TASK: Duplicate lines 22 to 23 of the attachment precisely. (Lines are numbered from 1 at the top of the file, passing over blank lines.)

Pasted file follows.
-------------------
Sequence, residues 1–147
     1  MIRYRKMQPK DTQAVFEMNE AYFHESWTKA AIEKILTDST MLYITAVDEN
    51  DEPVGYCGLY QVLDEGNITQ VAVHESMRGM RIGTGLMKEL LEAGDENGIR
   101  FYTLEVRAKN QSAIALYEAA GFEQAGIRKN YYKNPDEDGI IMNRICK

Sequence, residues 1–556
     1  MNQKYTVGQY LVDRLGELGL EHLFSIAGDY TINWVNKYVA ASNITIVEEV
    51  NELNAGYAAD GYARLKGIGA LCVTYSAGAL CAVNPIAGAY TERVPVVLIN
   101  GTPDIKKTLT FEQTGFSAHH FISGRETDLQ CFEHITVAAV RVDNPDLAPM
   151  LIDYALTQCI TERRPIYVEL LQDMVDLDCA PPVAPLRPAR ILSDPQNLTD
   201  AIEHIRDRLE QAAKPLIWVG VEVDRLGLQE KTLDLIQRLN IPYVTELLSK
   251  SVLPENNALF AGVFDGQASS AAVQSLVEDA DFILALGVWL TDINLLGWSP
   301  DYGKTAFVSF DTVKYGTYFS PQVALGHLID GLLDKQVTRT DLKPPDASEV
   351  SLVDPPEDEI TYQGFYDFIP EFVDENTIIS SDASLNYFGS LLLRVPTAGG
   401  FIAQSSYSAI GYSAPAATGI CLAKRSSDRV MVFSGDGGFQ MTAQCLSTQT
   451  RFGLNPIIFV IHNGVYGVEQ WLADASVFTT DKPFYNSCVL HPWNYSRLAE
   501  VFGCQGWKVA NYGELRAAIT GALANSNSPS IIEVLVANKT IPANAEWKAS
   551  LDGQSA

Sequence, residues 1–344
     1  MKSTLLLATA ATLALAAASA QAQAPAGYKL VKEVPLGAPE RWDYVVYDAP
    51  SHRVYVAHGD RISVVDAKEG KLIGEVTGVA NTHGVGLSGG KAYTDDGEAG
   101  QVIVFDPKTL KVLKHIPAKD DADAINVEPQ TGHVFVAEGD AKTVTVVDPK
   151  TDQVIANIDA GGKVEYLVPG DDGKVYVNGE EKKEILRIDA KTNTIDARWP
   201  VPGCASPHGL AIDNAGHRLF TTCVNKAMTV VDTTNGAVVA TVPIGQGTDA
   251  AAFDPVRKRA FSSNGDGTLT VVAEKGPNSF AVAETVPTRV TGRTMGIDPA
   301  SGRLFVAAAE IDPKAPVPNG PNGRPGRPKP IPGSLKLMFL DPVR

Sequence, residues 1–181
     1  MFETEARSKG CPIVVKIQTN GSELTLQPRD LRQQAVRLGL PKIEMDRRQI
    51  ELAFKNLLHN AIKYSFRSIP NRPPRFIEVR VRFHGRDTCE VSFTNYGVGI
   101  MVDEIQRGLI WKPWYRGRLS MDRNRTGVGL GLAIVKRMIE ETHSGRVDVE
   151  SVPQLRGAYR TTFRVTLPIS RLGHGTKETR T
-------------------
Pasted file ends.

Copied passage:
   151  TDQVIANIDA GGKVEYLVPG DDGKVYVNGE EKKEILRIDA KTNTIDARWP
   201  VPGCASPHGL AIDNAGHRLF TTCVNKAMTV VDTTNGAVVA TVPIGQGTDA